A documentary film running to feature length time should never be regarded in anyway less dramatic than fiction, after all, reality is often more amazing than fiction - fact! Often the process of making a documentary however couldn’t be more opposed to that of the scripted feature film. Documentarians can go on their instincts and follow a story, never truly knowing what the outcome might be. In many cases directors will be shooting the project or, like Nick Broomfield, holding the boom. Filmmakers work in very small teams which creates an intimacy between filmmaker and subject and allows for greater flexibility with schedule and budget. Making a documentary is an exciting (and often exhausting) ride as a filmmaker and an immersive journey for an audience.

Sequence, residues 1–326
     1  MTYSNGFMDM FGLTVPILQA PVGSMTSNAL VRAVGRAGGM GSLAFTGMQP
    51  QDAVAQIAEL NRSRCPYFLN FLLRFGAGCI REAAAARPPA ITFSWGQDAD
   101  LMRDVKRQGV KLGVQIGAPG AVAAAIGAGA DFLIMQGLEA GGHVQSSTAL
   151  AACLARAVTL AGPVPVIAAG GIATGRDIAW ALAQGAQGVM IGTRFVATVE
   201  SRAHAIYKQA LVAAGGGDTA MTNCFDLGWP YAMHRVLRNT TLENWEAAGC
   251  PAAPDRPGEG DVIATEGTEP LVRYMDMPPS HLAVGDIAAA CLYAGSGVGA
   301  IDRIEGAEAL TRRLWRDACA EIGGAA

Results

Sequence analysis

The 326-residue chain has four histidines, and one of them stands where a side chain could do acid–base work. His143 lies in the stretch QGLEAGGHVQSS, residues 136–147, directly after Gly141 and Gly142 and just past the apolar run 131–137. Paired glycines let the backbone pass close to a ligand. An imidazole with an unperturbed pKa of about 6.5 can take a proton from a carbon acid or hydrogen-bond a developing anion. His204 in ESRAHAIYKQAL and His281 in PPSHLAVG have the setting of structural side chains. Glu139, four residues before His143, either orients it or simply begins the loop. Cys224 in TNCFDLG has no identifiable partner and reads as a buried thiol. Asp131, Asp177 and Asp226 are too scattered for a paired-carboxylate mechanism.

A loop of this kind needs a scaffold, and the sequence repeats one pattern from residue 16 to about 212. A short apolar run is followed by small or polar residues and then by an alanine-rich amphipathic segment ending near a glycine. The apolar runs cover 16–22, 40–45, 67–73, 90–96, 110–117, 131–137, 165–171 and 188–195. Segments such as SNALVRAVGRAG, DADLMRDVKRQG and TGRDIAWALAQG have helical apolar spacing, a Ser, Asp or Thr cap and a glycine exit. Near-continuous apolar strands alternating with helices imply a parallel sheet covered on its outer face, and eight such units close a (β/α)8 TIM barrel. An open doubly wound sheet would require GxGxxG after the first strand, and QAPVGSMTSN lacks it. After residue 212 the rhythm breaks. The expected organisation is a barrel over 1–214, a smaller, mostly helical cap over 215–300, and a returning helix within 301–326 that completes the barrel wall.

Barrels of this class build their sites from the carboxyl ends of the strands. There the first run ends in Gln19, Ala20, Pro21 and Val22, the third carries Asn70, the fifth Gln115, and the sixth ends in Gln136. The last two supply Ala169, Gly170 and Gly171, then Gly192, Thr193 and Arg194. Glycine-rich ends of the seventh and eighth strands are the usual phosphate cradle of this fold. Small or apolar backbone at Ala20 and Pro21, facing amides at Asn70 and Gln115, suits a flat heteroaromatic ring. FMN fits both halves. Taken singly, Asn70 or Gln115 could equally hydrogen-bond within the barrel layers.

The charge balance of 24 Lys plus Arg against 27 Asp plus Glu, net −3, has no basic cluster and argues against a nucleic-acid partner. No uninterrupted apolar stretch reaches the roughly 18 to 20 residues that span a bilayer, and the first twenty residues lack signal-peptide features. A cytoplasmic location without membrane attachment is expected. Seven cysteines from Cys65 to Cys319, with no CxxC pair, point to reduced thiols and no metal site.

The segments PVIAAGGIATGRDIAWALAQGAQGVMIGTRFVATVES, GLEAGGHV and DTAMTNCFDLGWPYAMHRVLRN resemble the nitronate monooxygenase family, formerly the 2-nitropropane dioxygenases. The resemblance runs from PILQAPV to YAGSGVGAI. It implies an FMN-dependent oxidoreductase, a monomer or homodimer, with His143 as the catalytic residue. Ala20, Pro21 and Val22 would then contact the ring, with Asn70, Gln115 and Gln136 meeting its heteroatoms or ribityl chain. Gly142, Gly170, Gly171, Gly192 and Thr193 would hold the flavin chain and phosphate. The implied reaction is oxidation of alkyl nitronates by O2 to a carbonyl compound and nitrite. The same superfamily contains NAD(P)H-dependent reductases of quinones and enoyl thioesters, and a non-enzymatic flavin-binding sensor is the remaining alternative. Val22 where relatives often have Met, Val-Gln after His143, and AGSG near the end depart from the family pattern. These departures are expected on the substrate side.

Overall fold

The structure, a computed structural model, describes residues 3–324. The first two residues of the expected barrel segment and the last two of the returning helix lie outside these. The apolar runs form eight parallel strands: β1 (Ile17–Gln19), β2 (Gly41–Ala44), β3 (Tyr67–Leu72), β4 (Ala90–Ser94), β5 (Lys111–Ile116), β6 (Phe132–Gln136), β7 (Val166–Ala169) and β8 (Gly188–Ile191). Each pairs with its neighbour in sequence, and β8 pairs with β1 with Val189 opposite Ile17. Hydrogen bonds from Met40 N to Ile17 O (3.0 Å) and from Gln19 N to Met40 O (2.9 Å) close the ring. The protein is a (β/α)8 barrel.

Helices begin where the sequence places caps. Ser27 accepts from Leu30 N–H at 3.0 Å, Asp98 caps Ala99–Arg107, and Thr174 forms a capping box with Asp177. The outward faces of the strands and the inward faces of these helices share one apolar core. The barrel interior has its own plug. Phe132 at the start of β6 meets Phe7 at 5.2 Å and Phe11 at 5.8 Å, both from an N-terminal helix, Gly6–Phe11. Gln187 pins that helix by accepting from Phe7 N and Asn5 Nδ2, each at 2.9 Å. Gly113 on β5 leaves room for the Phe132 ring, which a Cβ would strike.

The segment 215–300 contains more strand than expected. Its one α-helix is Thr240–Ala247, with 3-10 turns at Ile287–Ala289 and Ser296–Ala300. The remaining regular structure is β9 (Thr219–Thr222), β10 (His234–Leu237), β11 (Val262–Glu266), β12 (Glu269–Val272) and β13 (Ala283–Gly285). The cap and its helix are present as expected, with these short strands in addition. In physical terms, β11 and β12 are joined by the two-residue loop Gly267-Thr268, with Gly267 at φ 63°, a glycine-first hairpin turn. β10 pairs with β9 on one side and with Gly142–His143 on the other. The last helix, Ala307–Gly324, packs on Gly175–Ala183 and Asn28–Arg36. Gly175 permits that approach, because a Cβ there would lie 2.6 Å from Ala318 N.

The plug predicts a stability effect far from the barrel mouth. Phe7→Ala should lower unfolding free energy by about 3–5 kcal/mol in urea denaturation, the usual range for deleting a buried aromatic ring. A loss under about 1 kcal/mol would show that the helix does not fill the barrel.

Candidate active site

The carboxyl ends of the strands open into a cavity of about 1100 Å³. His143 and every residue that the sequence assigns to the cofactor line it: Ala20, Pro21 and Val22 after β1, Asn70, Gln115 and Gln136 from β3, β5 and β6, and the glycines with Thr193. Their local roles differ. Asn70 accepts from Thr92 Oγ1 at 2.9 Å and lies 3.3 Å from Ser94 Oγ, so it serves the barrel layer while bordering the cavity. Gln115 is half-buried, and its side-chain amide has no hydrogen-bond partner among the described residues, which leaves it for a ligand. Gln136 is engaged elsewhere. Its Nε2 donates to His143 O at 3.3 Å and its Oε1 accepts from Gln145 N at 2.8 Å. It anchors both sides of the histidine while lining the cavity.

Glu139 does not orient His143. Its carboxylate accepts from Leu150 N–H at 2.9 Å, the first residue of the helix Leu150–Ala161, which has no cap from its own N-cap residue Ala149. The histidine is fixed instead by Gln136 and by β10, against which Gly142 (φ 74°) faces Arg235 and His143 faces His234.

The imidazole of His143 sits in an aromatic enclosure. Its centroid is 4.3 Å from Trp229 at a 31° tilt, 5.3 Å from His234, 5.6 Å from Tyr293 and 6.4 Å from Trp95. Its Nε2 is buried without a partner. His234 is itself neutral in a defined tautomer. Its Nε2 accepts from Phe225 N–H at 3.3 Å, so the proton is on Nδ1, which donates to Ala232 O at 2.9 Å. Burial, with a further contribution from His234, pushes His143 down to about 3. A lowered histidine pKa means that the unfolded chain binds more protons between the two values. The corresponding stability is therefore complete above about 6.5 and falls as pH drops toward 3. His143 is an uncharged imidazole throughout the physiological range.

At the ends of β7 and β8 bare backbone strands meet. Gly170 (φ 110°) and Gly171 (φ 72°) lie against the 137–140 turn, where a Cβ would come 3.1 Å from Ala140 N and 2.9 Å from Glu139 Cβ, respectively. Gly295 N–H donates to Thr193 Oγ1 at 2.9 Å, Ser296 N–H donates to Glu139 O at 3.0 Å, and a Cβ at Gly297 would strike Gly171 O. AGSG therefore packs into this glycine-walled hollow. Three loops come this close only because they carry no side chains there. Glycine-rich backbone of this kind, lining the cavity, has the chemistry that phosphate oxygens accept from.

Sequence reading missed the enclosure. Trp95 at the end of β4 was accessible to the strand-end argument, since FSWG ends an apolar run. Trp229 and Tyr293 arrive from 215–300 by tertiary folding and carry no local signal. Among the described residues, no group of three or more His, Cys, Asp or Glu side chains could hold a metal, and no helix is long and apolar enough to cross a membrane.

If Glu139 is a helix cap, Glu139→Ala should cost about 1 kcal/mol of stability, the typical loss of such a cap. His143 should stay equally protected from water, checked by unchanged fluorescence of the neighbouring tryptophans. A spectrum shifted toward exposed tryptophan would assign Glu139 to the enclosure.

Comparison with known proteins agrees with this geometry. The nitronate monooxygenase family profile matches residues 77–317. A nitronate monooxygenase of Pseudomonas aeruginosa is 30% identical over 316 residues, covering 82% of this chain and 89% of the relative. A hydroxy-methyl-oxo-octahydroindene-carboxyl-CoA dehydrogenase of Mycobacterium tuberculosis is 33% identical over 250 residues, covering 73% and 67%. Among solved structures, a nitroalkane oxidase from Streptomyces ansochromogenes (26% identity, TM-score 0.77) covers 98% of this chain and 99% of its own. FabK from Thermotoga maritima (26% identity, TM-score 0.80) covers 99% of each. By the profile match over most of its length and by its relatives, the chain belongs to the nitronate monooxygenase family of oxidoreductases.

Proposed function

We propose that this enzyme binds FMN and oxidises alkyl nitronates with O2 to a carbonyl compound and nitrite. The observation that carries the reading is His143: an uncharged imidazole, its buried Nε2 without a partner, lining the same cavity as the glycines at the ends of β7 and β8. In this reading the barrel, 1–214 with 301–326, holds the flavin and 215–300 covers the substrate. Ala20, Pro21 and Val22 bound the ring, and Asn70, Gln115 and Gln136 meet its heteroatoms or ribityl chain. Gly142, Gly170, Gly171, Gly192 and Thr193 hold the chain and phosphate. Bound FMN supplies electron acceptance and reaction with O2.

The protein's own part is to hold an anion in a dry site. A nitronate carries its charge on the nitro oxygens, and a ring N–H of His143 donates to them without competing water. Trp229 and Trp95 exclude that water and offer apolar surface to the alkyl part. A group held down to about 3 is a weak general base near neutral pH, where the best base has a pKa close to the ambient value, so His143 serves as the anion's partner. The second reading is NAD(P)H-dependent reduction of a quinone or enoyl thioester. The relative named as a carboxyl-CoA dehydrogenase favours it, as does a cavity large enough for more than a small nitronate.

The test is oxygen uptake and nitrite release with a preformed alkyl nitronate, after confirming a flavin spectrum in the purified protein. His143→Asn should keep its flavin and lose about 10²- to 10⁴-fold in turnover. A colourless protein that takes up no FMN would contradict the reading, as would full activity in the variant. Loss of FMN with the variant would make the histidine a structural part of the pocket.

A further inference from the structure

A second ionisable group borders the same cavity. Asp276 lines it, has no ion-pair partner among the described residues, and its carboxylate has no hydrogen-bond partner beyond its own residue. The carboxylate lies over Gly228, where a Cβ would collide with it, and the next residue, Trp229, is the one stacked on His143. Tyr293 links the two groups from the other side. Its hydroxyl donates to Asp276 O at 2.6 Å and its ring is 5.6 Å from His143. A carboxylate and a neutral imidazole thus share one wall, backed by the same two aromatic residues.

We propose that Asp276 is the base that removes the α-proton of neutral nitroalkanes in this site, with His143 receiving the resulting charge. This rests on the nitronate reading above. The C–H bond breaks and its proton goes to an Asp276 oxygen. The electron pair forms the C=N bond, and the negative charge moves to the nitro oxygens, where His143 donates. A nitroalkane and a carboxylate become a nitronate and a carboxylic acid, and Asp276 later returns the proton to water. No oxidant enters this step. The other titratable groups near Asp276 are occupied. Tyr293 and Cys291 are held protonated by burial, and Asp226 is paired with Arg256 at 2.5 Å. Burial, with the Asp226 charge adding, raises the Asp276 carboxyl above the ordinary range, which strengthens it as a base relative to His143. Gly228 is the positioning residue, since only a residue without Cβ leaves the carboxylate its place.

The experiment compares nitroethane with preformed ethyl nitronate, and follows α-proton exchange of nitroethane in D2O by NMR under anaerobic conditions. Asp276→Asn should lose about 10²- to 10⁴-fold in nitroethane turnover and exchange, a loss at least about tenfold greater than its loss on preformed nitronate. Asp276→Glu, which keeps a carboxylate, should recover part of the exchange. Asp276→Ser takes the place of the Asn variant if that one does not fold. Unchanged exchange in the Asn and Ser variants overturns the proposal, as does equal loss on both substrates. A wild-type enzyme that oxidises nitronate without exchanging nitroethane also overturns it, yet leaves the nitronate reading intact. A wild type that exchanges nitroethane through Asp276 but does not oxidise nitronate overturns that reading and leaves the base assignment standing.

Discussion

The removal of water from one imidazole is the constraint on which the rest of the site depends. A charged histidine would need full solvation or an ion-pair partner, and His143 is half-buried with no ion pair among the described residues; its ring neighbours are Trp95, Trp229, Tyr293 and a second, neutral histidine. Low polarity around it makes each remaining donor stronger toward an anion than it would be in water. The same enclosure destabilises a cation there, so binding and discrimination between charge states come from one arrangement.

Unlike a fiction film where a defined period is in place to produce the work, documentaries can be shot over days or even years. Netflix Originals Making a Murderer was shot over a 10 year period, lighting up media outlets in January 2016 with a story that is still playing out today. Filmmakers Moira Demos and Laura Ricciardi started a project documenting a man’s release from wrongful imprisonment only to find themselves caught up in a tragic loss of life, another trial and, potentially, police corruption and yet another false imprisonment. In an interview Demos and Ricciardi mention they had no money to make the film, but what they had was time with the Avery family, who granted them access to a very closed and private group of people. Ultimately, documentaries are largely made by filmmakers who wish to affect change. A survey conducted by the Documentary Filmmakers Groups revealed that 80% of filmmakers polled had a primary focus to create films that make a difference; highlighting causes that impact on global, national, communal or individual levels.